Transformation and ambiguity in Pygmalion at the Theatre Royal Brighton

“Think Pygmalion, don’t think My Fair Lady.

As director David Grindley – who trained at Chichester Festival Theatre – points out, there is a world of difference between the two.

David’s production of the Shaw classic Pygmalion is at the Theatre Royal Brighton this week (March 17-22) as part of a national tour, starring Alistair McGowan as Henry Higgins.

“For me, the play is a play about transformation,” says David. But not just the obvious transformation of the street girl who becomes the duchess, interesting though it is.

“She goes from being powerless to walking out at the end fully empowered as the embodiment of the suffragette.”

But just as importantly, the piece is about the transformation of Higgins himself: “He goes from being this rather emotionally-remote rational human being to becoming someone discovering how important other human beings are.

“That’s the ambiguity at the end. He appears to be quite happy to let her go at the end, but at the same time we realise the loss that her going is occasioning him. It is not a romantic story, but just about two people, one discovering her own potential, the other discovering the importance of other people.”

David is delighted to have Alistair on board, not simply for the huge comic ability he brings, but also because he is embracing a character who is not easy to play. As David says, Alistair has to make Higgins abrasive to start with: “And that presents a difficult because obviously you are risking alienating the audience – something that Alistair is showing he is prepared to do.”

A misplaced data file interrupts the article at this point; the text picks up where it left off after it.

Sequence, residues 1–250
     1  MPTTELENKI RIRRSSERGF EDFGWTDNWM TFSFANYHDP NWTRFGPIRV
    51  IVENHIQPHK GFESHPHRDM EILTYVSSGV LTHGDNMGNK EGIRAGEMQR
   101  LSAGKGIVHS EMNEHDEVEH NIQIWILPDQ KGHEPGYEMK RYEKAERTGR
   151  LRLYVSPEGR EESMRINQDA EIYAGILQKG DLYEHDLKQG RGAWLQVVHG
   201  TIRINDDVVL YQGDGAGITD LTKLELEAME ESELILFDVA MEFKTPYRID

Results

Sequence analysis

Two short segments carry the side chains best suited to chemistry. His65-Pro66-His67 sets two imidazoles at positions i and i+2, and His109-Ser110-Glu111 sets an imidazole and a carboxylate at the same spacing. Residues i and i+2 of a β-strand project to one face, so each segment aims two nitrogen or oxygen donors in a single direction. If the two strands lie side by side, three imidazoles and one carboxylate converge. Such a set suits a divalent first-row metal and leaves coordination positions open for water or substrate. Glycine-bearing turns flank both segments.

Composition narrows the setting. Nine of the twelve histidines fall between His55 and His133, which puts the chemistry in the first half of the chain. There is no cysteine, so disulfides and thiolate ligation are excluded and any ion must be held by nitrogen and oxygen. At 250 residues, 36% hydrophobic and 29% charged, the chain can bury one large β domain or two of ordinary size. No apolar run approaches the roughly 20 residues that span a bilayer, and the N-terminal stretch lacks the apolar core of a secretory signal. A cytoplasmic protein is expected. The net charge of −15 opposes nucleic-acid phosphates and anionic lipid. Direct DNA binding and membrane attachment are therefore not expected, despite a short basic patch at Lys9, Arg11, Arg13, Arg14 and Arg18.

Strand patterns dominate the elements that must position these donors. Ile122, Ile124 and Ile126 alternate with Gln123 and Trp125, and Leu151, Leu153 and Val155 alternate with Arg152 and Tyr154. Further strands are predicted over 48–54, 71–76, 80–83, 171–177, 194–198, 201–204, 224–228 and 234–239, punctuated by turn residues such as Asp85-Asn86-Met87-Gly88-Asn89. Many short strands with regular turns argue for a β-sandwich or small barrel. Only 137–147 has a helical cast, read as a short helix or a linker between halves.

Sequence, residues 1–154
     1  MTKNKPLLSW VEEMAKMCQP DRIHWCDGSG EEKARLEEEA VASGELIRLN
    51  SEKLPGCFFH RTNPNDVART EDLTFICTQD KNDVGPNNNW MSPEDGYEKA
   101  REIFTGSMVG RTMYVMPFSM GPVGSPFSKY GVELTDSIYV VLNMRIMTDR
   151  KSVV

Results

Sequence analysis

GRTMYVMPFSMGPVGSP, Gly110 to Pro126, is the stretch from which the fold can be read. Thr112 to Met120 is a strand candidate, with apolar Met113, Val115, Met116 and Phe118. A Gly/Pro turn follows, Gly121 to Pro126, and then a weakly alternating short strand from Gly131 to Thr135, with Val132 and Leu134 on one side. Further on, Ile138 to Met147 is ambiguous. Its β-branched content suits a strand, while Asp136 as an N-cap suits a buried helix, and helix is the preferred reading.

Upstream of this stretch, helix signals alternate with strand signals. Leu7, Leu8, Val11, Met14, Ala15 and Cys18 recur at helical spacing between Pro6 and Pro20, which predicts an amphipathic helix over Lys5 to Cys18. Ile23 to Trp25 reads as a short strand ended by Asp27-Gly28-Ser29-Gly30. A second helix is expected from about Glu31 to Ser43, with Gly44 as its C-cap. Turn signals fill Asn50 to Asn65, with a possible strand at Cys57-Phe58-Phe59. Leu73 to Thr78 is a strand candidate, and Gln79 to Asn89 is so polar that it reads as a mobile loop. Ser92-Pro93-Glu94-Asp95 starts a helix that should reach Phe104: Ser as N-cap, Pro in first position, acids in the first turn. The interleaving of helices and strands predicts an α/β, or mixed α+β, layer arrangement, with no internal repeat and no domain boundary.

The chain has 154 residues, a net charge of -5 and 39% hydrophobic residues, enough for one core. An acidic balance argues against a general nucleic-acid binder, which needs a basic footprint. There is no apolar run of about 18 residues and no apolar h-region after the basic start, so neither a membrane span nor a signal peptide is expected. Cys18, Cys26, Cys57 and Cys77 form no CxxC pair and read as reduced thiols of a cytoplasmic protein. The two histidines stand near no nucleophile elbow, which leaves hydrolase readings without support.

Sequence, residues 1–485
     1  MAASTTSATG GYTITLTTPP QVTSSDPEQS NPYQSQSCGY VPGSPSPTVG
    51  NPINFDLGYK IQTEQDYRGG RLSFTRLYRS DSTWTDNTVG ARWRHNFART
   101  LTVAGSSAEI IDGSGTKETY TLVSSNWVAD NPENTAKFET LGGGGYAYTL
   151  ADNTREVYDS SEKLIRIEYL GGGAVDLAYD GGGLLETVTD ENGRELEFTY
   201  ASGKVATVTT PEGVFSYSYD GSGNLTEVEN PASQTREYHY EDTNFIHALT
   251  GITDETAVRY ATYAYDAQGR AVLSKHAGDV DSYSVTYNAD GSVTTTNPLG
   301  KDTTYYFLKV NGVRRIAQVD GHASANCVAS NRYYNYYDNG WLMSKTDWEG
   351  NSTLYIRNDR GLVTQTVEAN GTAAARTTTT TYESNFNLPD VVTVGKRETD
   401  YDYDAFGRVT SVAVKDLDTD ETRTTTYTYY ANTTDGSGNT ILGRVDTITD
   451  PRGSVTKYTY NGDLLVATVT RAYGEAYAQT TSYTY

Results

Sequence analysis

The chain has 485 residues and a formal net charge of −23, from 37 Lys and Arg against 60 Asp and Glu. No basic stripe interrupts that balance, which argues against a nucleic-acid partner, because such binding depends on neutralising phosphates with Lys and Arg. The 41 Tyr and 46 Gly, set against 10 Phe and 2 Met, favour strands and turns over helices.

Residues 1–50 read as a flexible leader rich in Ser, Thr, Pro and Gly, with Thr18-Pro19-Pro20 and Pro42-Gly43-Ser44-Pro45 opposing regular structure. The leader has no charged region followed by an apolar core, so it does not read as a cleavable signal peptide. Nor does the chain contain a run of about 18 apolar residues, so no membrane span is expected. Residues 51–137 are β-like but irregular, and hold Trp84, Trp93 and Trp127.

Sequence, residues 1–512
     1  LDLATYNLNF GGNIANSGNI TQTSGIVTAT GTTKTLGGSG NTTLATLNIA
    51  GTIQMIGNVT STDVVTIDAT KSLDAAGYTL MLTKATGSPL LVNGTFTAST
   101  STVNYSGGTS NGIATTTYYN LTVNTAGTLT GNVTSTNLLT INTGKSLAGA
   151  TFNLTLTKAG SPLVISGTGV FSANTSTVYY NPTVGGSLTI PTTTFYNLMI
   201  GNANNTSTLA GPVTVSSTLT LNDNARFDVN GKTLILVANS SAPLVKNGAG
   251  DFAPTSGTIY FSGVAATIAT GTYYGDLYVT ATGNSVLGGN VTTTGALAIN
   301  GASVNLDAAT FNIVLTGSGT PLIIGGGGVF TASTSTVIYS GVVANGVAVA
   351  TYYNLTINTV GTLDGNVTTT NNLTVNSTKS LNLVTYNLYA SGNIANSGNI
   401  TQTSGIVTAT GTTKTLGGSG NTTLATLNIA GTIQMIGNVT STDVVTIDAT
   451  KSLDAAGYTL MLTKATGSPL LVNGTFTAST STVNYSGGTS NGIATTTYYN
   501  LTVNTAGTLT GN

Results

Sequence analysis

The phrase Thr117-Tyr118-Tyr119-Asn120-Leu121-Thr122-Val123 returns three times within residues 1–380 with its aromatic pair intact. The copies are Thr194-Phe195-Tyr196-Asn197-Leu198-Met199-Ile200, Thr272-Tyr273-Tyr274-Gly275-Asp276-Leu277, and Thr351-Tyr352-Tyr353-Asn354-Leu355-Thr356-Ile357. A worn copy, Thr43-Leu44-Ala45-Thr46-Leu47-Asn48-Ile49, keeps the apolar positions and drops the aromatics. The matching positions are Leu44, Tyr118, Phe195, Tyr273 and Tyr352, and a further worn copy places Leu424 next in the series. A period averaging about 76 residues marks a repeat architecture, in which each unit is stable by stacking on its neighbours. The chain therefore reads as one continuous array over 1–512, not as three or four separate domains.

For David, the Brighton dates are a happy return to the coast, not far from Chichester where he enjoyed one of the great formative experiences of his early career.

The first turning point was a stint at Edinburgh; next came a crucial spell in Chichester from 1996-98, first under artistic director Duncan Weldon and then under Andrew Welch.

“I had two years with Duncan, when I assisted 14 directors. I toured the country with (CFT) shows, and I went into the West End with them, and then when Andrew took over late in the day, with not much time to get the season together, I did Loot in the Minerva.”

Among the stand-out experiences were working on Uncle Vanya with Derek Jacobi, Trevor Eve and Imogen Stubbs, and also importantly with Peggy Mount.

Working alongside Dawn French on When We Were Married and Zoe Wanamaker on Elektra are also happy memories – as was David’s own production of Loot which, after success in the Minerva, went on tour.

“There was not much time or money, and we had to cast the Minerva from people that were on the main-house stage.

“The cast came from the production of Saturday, Sunday... And Monday. As a result, we had very little choice over who we had, but we were so lucky that in fact we got the perfect cast.”